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Financing medical equipment: Details matter

February 2014
By Lisa Wood, MBA Senior VP, Medical Industry Specialist, IBERIA BANK

No matter how large the medical practice nor how long it has been in business, there comes a time when expenditures must be made to utilize new technology, improve efficiency or expand capabilities – attention to detail can help assure the practice’s economic vitality and profitability.

The potential reasons for investing in a medical practice are many. Healthcare technology advances rapidly and equipment needs to be replaced. Office equipment and computer systems become outdated. Tests and services being referred to outside facilities can be handled more efficiently and profitably in-house. Or perhaps it’s time to expand the size and scope of the practice.

Whatever the reason, it’s likely financial arrangements will need to be made with a lending institution – preferably one with an understanding of the healthcare industry and experience in arranging loans for medical clients – to achieve a designated goal.

Banks evaluate prospective clients using a qualitative and quantitative analysis knows as the “Five C’s of Credit” to determine credit worthiness. The criteria are capacity, character, collateral, capital and condition, and were described in the December article in the Medical Journal-Houston. While discussing specific types of loans, we will assume that character, condition, and cash flow are adequate and focus on collateral and capital as it relates to equipment loans.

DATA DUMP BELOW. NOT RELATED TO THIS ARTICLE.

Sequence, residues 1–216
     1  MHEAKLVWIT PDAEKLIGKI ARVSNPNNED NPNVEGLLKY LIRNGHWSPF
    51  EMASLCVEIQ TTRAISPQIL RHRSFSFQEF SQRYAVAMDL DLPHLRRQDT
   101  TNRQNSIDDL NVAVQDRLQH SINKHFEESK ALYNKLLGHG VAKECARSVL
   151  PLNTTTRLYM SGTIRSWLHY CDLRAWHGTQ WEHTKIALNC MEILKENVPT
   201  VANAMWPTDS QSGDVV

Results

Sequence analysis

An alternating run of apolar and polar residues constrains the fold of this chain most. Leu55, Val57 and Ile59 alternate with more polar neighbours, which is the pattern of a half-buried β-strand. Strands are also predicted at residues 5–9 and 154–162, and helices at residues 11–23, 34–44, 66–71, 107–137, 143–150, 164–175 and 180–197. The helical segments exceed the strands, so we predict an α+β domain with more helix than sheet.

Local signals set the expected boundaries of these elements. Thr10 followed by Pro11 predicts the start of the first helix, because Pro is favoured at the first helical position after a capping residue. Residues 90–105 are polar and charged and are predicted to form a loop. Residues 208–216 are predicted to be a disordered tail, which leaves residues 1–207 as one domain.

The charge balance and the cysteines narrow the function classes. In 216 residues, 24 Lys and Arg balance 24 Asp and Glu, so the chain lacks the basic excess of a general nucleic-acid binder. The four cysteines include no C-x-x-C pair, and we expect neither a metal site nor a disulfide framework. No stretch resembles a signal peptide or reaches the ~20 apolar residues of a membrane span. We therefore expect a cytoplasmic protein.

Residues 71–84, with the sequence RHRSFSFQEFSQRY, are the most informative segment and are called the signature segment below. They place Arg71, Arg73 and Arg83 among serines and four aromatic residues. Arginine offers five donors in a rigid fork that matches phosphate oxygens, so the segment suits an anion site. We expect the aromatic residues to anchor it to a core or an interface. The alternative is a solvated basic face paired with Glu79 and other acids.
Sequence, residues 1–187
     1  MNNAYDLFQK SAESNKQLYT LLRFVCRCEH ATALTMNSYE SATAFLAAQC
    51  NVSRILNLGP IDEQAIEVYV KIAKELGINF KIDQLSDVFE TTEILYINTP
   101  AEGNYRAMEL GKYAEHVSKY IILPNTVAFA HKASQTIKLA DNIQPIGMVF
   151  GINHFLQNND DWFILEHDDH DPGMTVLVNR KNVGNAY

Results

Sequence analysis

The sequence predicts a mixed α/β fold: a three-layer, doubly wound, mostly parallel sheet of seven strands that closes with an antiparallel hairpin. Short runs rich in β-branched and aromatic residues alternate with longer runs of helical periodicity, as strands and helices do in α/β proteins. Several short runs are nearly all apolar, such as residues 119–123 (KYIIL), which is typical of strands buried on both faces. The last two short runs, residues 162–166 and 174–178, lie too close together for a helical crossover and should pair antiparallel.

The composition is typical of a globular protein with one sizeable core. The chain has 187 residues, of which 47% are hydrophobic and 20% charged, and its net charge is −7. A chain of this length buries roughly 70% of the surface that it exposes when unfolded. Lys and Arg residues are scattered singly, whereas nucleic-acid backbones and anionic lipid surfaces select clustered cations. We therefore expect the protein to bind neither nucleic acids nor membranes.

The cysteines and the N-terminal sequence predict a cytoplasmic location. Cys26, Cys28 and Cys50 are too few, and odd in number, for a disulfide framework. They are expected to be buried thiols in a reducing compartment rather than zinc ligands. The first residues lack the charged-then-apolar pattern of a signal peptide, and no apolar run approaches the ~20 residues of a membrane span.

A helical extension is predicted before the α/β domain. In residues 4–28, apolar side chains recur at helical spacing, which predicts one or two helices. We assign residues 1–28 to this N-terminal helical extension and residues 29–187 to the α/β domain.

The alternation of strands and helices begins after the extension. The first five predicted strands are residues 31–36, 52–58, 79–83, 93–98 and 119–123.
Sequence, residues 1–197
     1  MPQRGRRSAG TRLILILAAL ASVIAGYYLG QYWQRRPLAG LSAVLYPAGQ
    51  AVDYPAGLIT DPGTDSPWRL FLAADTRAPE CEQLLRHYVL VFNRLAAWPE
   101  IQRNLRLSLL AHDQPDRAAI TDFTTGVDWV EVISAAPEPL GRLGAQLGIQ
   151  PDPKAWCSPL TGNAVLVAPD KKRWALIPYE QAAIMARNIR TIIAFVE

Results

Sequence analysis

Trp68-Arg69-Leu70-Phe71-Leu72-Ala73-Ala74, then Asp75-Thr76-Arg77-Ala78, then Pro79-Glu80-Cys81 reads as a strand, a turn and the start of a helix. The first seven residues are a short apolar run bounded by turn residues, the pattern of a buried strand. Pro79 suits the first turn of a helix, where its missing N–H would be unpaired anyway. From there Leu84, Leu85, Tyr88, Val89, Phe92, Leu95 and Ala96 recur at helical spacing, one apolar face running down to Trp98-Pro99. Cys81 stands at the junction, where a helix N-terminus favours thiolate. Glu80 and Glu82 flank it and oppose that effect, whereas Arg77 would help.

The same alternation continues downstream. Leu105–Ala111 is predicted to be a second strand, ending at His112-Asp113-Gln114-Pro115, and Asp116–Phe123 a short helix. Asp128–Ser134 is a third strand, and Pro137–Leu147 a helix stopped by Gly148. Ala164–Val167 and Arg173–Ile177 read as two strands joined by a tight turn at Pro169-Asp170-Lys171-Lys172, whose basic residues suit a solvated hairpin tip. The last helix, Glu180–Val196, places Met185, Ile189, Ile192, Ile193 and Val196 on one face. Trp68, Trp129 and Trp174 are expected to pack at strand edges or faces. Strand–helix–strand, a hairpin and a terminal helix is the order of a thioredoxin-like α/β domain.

When applying for a loan, it’s a good idea to create a basic business plan and projections to spell out how the funds will be used. A solid plan that demonstrates revenue enhancement , such as practice expansion or the offering of new services, provides lenders more assurance that the loan will be repaid. Projections should be made to demonstrate the expected level and timing of increased revenues. This will help the prospective borrower and lender arrive at terms that are fair and equitable.

Timing is important because the revenue from new equipment may not generate cash flow immediately. Certain equipment may require lengthy installation or a training period before it is viable. The billing cycle can add 30-60 days (or more) before cash flow is received by the practice.

This should be anticipated and the structured into the loan agreement accordingly. The borrower and lender might agree to an interest-only loan for a specified period to accommodate the anticipated availability and impact of the new equipment on actual cash flow.

In many cases, the acquisition of new equipment can be made through purchasing or leasing agreements. It’s important to review your plans with business and tax professionals to determine what approach best suits your particular situation.

Leasing terms are often offered by the manufacturer, leasing companies and larger financial institutions. For big ticket items, it’s possible that the equipment manufacturer or distributor will be able to offer leasing rates that are more attractive than traditional bank financing. It’s also important to take into account supplemental expenses that might accompany the purchase of expensive equipment or technology. High tech imaging equipment might require highly specific building modifications or other installation fees – it is essential to include these in the financing agreement.